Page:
Reese says he can play young and a bit older and that “those kinds of roles don’t present themselves very often on stage.” His character, a music lover, sings and plays the piano in the play, though Reese readily admits he doesn’t really sing and play much. “But after my performances, people actually come up to me and tell me how great I sang and played the piano,” he says.
During the audition, Reese had to become a teenager who was mesmerized by music. He likened it to the persona a jazz or blues singer would don to capture an audience. Graine read him sides to incorporate into his teenage persona. She was impressed with how well Reese adapted to the role. “He sold it beautifully,” she says. “Chris is the youngest person in ‘Truck Stop Café,’ yet he could easily be the oldest character.”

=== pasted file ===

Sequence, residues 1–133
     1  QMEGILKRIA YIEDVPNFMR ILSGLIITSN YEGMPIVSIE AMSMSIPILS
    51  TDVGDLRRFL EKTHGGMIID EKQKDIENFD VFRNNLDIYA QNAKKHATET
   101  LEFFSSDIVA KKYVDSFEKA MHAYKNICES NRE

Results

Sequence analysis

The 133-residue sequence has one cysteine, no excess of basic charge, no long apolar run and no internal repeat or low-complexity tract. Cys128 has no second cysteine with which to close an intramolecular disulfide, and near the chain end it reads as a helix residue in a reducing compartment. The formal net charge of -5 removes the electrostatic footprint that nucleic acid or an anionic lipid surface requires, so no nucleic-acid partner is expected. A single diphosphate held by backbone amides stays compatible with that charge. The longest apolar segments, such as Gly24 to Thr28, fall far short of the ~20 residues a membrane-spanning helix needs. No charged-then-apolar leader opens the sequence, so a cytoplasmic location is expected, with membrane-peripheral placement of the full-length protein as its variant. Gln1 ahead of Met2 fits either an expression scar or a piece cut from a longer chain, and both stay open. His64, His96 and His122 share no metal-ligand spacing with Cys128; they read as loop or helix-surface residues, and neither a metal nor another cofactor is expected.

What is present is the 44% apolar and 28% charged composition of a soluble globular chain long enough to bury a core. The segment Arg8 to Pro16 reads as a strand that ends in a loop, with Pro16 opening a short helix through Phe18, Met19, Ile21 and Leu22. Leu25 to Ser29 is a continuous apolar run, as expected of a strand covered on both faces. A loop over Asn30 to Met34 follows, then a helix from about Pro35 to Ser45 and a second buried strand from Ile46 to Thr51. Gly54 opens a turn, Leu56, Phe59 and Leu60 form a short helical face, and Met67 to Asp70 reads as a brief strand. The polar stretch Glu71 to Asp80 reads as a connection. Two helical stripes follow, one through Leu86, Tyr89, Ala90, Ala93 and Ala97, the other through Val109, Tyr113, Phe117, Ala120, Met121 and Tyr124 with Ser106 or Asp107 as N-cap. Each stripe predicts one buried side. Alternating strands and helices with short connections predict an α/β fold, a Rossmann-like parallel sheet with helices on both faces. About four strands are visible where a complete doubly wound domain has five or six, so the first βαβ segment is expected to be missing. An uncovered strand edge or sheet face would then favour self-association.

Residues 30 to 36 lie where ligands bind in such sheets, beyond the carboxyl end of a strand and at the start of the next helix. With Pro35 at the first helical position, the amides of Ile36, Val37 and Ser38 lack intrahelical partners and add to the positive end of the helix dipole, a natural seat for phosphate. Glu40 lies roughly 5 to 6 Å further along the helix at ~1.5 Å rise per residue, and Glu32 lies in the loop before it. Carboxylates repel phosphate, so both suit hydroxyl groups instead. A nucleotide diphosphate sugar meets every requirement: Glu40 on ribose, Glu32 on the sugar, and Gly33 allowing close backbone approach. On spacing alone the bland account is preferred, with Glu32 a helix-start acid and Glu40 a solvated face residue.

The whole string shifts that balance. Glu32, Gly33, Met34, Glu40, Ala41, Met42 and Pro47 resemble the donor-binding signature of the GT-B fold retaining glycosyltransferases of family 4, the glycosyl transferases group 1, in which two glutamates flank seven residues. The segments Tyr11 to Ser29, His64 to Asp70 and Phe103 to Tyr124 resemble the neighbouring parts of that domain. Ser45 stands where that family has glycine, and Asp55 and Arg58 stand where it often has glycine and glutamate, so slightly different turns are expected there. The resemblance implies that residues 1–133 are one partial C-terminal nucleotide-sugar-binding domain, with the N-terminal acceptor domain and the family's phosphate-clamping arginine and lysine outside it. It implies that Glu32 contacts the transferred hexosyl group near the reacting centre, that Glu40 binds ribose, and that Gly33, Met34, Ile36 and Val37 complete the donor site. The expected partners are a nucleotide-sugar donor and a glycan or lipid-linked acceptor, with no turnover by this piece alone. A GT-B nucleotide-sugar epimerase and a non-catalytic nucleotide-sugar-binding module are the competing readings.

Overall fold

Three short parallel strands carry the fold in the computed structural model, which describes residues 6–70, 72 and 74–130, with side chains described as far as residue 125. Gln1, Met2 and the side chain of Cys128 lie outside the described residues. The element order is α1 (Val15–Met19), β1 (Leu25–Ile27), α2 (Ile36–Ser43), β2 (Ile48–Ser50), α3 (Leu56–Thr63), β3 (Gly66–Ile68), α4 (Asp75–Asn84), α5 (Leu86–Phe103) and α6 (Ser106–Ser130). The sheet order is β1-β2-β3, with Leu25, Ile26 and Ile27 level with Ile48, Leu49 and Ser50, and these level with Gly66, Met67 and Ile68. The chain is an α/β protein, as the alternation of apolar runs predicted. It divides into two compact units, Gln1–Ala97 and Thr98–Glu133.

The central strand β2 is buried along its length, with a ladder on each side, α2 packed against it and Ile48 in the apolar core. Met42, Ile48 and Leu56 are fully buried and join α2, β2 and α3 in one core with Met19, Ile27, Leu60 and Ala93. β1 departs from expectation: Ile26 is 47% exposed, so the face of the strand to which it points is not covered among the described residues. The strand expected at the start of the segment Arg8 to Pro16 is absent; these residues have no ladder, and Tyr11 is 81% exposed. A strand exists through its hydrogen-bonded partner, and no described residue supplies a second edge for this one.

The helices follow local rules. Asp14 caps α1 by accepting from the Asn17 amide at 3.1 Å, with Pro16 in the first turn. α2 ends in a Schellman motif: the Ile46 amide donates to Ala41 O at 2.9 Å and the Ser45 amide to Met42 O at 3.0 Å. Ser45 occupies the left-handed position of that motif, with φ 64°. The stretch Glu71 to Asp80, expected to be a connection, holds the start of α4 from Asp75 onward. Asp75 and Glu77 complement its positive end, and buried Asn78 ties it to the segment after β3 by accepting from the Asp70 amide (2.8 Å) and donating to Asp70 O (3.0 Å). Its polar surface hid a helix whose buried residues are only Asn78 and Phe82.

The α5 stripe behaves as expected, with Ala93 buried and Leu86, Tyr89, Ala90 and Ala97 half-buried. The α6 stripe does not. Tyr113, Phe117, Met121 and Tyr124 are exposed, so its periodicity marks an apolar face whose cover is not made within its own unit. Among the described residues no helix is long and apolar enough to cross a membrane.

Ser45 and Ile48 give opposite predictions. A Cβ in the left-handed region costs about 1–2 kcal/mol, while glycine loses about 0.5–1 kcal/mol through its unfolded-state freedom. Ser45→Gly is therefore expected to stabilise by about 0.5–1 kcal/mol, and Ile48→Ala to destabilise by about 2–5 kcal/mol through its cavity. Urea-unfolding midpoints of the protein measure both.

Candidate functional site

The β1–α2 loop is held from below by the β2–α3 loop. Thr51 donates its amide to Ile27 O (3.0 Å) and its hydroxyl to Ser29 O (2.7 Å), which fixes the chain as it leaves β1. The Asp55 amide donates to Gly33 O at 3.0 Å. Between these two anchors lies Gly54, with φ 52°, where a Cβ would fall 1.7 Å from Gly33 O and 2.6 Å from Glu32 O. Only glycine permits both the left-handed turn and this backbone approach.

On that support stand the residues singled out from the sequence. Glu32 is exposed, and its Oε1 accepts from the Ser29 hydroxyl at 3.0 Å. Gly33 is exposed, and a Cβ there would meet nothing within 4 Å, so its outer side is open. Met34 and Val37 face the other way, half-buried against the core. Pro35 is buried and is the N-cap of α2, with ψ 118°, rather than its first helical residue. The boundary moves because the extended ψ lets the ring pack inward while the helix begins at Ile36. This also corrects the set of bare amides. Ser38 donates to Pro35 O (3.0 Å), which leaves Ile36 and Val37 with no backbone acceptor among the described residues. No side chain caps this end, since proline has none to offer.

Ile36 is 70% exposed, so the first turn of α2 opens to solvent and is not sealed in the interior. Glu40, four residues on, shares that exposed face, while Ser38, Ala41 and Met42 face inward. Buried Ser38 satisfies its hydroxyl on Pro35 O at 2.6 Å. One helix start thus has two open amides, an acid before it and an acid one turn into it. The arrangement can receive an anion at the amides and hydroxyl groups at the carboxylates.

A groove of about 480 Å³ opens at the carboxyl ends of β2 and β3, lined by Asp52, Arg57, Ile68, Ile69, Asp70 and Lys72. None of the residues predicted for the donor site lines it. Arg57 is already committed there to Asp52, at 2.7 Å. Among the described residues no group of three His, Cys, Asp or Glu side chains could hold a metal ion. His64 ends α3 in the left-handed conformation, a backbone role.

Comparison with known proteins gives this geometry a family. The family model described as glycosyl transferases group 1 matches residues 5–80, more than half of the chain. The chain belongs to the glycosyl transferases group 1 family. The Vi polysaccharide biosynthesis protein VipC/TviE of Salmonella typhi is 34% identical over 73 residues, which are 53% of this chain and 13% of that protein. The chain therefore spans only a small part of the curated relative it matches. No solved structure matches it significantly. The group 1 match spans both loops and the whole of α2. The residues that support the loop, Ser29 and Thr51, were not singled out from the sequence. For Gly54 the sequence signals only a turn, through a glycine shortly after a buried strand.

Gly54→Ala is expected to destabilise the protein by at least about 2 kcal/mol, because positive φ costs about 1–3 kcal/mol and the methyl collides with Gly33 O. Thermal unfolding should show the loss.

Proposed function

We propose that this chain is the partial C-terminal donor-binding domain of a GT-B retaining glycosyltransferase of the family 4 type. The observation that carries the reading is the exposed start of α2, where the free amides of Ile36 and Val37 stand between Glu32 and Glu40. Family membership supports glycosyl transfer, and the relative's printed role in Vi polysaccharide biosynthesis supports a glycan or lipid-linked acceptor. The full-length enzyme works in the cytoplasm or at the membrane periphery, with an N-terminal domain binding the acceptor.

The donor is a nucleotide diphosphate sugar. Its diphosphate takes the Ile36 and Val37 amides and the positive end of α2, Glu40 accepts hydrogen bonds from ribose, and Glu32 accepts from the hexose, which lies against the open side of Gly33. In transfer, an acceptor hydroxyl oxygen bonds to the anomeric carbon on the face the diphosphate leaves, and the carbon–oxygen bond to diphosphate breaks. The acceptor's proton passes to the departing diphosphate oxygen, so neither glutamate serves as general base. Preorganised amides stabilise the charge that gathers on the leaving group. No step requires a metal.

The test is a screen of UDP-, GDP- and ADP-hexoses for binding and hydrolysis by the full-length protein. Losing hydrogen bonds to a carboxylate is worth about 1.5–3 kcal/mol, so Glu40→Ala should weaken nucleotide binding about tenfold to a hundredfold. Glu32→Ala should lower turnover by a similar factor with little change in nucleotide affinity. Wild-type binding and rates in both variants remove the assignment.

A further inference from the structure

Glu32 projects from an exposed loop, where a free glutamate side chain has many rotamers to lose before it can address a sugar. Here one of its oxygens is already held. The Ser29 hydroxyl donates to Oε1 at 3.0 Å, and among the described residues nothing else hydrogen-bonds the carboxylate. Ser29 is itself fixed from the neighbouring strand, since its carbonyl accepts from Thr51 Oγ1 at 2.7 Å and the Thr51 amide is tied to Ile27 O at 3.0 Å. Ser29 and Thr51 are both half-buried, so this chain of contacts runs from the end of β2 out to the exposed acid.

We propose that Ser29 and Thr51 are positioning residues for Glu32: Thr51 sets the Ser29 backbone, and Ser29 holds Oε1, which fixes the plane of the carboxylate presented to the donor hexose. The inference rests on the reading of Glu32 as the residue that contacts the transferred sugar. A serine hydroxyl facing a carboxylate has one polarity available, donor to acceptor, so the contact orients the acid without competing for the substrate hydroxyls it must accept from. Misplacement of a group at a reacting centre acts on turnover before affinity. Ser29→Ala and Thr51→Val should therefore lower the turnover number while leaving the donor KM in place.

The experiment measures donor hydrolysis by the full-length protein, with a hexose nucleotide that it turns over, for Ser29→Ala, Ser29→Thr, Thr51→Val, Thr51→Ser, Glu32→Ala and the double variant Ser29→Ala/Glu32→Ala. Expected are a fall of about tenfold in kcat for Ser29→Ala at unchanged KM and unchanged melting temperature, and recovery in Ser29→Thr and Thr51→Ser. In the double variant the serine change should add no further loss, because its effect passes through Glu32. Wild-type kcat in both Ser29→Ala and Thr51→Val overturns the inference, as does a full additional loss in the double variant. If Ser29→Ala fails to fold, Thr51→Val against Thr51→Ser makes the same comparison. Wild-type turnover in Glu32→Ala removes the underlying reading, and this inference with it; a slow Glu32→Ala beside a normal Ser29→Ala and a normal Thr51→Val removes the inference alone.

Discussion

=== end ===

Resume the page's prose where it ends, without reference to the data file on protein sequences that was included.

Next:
The play required 10-hour rehearsals every Friday, Saturday, and Sunday in April and May, and Reese attended every one, in addition to working at his part-time job, doing comedy with an event entertainment service. “This I do,” he says, “to give back to the entertainment community and to help those comedians who are new in the business.”
After “Truck Stop Café,” Reese was cast in another one of Graine’s plays and is scheduled to do a second run of that show. For more about Reese, visit www.thechrisreese.com. For more on the Playhouse Theatre Players, visit www.kslgplayhousetheatre.com.
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